# A maximization problem, with motivation in machine learning

Consider the minimization problem described this paper. Let $$f_{\lambda}$$ be the minimizer. As a part of extending my work, I am able to show the following facts

$$\lim_\limits{\lambda \to 0}\|f_{\lambda}\|_{L^2} = 0$$ and $$\lim_\limits{\lambda \to \infty}\|f_{\lambda}\|_{L^2} = 0$$

My problem now is (as I would like to extend my work), find $$\lambda \in (0,\infty)$$ for which $$\|f_{\lambda}\|_{L^2}$$ is maximum. Appreciate your suggestions to solve this problem.

The minimization problem from the linked paper is given below for the self containment of the post. If given that $$k>\frac{m}{2}$$, the paper proves that there is a unique minimizer for the functional $$C(f)$$ in the set $$S$$.   It is given that $$k>\frac{m}{2}$$

## My progress

Partial Progress :

Progress : I am able to derive the corresponding PDE equations for the problem.

Let $$f(\lambda,x) = f_{\lambda}(x)$$. Then The first equation corresponds to maximizing $$\|f_{\lambda}\|$$, while the second PDE is for the minimization problem associated with the parameter $$\lambda$$.

The second equation (minimization problem), given any $$\lambda$$, I can solve for $$f(\lambda,.)$$ either using linear algebra or steepest descent algorithm, which I have described in my article. Now I need to use this solution and the first equation to obtain $$\lambda$$, which is a problem I am facing.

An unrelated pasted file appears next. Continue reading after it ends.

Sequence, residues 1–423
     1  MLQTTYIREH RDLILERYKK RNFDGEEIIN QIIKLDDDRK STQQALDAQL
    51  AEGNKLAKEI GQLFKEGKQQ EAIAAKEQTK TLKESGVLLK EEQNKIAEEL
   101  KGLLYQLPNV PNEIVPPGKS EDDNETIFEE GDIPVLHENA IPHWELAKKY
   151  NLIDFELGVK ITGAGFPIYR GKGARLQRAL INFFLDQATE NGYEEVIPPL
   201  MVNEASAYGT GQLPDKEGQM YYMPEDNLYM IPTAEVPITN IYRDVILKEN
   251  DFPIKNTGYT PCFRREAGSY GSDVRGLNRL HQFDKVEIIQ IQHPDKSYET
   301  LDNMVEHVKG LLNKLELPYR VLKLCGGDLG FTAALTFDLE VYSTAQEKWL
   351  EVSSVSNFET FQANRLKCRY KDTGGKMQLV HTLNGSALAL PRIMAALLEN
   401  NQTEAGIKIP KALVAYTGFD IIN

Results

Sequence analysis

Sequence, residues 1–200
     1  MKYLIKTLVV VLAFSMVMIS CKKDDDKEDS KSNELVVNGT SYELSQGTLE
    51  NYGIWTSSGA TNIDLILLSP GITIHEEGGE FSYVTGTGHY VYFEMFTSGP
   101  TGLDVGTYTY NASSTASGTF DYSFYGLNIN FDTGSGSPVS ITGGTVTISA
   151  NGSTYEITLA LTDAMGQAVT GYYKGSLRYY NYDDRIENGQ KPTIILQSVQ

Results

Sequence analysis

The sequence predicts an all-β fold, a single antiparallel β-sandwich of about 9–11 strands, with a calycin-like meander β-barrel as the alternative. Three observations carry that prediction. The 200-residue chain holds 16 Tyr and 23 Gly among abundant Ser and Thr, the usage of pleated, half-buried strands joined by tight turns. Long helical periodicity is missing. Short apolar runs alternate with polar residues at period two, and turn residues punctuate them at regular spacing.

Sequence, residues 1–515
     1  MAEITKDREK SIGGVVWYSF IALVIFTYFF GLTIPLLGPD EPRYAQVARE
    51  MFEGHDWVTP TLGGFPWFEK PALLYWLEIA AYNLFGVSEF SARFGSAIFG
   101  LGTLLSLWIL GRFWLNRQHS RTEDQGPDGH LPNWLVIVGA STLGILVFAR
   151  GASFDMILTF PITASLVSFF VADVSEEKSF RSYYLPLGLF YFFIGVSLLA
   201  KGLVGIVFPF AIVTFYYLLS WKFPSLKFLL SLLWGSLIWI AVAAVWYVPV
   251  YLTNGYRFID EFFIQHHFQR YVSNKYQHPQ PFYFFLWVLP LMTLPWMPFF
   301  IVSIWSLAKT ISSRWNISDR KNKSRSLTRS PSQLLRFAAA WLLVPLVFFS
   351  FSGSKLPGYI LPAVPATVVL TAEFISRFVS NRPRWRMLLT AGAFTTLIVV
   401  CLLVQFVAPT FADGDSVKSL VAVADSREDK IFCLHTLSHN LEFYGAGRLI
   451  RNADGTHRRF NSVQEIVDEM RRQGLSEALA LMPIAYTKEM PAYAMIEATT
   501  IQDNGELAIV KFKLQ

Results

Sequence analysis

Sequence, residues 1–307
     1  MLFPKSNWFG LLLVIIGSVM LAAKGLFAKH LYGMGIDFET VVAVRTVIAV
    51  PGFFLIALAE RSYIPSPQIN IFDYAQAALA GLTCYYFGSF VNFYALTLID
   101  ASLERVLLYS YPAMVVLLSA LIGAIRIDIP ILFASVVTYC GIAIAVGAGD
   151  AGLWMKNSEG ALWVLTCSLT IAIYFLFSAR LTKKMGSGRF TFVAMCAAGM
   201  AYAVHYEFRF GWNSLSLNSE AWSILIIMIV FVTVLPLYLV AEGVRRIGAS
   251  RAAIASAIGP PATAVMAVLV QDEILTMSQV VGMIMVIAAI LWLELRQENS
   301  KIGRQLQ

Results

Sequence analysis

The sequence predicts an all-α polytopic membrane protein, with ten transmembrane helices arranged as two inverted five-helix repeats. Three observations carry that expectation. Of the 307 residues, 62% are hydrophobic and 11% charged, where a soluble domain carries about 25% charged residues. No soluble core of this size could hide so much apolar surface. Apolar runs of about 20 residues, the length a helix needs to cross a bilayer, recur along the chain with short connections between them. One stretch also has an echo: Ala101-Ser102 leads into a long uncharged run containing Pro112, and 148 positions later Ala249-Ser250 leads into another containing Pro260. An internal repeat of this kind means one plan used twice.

Trying to solve using linear algebra, by formulating the discrete version of the problem using Fourier series coefficients and Plancheral theorem, I get stuck at the matrix problem described here.

More Partial Progress

An Iterative algorithm which is a modified steepest descent.

1. Initialize $$f$$.

2. Assuming some $$\lambda$$ and assuming gradient of $$C_{\lambda}(f)$$ wrt $$f$$ be $$\nabla_f C_{\lambda}(f)$$, and if we were to update $$f$$ with this gradient as in we do in steepest descent, it would be $$f^u_\lambda = f - \delta \nabla_f C_{\lambda}(f)$$, where $$\delta$$ is a constant learning rate. Now set $$\frac{\partial\|f^u_\lambda\|}{\partial \lambda} = 0$$ and solve for $$\lambda$$. Let the root be $$\lambda_0$$.

3. Update $$f = f^u_{\lambda_0}$$. (update $$f$$ as in steepest descent, but using $$\lambda$$ value as $$\lambda_0$$ which was computed in step 2.)

4. check some convergence criterion and if not met, go to step 2.

I have implemented this numerically and it converges as desired. Need to work on the proof.

PS : This was first posted on MO by me, 3 months back. Link and cross posted on math.SE here.